Iwin Focuses on Low-Wage Hourly Workers

LEXINGTON, Ky. (Feb. 21, 2011) -Workplace Flexibility 2010 and the University of Kentucky Institute for Workplace Innovation (iwin) announce the forthcoming release of “Flexible Workplace Solutions for Low-Wage Hourly Workers: A Framework for a National Conversation,” an innovative report with new key findings on this issue, in March 2011.

The report brings a fresh perspective on the challenges of low-wage hourly workers in standard 9 to 5 jobs compared to workers with more nonstandard schedules, focusing on the implications of employer practices and public policy.

“Finding inventive scheduling solutions for low-wage hourly workers and their employers has big implications for the health, well-being and economic security of these individuals and their families, and for workforce stability in the businesses that employ them,” said iwin Executive Director and UK professor Jennifer Swanberg.

Swanberg and her colleagues at Workplace Flexibility 2010 will answer basic questions about the types of scheduling challenges that low-wage hourly workers face; provide a framework for thinking through next steps; and link these to the broader national dialogue on workplace flexibility. This report will be useful to employers, employees and unions who are thinking about how to provide greater flexibility to low-wage hourly workers, as well as advocates and policymakers who want to better understand the contours of this issue and policy solutions.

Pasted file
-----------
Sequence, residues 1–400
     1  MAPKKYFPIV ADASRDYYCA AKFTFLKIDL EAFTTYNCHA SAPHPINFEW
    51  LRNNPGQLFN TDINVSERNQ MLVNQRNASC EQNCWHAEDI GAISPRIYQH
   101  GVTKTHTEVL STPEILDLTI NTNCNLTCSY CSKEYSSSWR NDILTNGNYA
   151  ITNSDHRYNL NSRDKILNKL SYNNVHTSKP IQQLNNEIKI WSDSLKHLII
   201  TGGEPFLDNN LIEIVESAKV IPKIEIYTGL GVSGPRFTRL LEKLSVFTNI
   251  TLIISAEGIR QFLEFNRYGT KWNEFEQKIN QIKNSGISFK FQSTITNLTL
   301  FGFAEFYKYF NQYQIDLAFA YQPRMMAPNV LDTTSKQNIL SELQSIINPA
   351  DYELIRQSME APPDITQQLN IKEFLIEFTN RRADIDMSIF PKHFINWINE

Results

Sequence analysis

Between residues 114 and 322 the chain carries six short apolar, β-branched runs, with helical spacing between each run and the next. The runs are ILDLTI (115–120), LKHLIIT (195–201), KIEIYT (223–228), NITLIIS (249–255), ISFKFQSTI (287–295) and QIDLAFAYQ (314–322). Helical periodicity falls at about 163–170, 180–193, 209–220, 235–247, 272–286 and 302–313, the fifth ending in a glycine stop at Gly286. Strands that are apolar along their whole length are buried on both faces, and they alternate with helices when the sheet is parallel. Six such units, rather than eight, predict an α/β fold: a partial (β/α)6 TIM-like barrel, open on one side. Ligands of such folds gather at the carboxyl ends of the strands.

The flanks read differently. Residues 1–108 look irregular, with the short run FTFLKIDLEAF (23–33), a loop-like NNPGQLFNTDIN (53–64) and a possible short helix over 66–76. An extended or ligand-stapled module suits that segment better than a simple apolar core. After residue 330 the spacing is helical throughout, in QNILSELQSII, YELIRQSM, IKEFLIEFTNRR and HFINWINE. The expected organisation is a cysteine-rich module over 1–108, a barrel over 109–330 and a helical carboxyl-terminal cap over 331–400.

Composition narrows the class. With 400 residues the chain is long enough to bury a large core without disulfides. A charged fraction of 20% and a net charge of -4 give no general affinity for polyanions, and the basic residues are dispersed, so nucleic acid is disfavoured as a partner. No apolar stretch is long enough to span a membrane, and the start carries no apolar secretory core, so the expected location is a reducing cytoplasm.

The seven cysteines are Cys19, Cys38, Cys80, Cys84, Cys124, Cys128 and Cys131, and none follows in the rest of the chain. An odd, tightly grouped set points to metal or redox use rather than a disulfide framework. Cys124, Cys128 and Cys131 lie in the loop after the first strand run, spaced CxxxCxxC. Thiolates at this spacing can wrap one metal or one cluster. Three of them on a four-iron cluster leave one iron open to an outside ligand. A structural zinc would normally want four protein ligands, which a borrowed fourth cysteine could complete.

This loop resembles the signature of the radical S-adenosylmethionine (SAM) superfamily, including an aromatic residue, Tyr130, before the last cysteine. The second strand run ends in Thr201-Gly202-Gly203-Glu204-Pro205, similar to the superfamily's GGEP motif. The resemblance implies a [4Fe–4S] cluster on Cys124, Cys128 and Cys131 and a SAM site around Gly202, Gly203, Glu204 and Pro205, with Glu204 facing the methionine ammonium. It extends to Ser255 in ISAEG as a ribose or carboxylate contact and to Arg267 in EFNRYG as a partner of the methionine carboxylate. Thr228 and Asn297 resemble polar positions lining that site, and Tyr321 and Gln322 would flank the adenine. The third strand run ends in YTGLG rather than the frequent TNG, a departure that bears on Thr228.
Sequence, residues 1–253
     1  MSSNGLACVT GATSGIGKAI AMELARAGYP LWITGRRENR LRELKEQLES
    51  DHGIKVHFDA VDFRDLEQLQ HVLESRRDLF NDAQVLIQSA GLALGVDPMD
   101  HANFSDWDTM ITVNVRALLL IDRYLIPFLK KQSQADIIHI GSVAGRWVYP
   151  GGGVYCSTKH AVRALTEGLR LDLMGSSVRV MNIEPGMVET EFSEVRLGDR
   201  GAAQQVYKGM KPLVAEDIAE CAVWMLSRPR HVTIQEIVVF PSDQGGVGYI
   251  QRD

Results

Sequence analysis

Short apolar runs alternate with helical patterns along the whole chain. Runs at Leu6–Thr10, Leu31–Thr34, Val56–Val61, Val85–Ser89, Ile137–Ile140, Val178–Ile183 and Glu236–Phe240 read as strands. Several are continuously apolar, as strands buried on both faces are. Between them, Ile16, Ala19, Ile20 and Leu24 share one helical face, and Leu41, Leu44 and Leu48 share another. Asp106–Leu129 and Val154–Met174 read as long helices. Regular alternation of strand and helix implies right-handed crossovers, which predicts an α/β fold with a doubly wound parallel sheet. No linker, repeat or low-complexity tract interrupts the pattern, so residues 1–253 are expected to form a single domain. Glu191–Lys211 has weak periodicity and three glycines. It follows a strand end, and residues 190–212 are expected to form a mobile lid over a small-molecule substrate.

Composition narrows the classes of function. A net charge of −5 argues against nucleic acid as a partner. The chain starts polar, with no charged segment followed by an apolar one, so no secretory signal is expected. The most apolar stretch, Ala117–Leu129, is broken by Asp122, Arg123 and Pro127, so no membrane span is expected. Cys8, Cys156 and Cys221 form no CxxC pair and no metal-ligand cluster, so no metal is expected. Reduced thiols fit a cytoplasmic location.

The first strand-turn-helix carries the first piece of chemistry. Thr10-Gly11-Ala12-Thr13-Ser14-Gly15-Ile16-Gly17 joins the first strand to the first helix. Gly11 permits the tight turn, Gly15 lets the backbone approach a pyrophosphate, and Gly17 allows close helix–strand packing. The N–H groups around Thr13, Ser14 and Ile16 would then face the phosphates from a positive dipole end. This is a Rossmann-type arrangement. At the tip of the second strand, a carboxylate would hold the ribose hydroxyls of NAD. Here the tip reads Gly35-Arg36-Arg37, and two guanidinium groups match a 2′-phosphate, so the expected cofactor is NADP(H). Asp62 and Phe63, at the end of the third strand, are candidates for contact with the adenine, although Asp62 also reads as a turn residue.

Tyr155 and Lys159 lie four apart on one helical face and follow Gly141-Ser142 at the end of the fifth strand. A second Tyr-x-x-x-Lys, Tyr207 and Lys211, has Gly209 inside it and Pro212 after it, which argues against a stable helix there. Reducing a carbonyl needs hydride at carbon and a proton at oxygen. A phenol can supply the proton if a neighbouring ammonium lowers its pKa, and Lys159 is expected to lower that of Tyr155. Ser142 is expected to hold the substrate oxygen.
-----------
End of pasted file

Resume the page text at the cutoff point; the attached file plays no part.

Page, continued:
"The hallmark of flexibility for low-wage hourly workers is an employer's willingness to rethink traditional scheduling practices," said Liz Watson, legislative counsel for Workplace Flexibility 2010. "For some workers, this might mean reducing schedule rigidity by giving them more opportunities for meaningful input into their schedules without jeopardizing their jobs. For others, it might mean making scheduling practices more predictable and stable."

The report will be issued on the heels of a U.S. Department of Labor's "Challenges and Solutions for Hourly Workers," a forum held in Pasadena, Calif. on Feb. 17, which is also a part of DOL's "National Dialogue on Workplace Flexibility."

"The need for workplace flexibility is not just an issue for some families, some communities or some industries. Rather, the mismatch between the needs of American workers and the structure of the American workplace is a problem for all of us," said Workplace Flexibility 2010 director Katie Corrigan. "By hosting this national dialogue, the Department of Labor drives home the point that flexibility – including flexible and predictable scheduling and paid time off – is a critical baseline for the health of our communities, families, and overall economy."


To follow workplace flexibility issues, visit, @Workflex2010, #worklifeprogress, #focusonflex.

For more information on Workplace Flexibility 2010, or to request an interview with Watson, Swanberg or Corrigan contact

MEDIA CONTACT: Erin Holaday Ziegler, (859) 257-1754, ext. 252;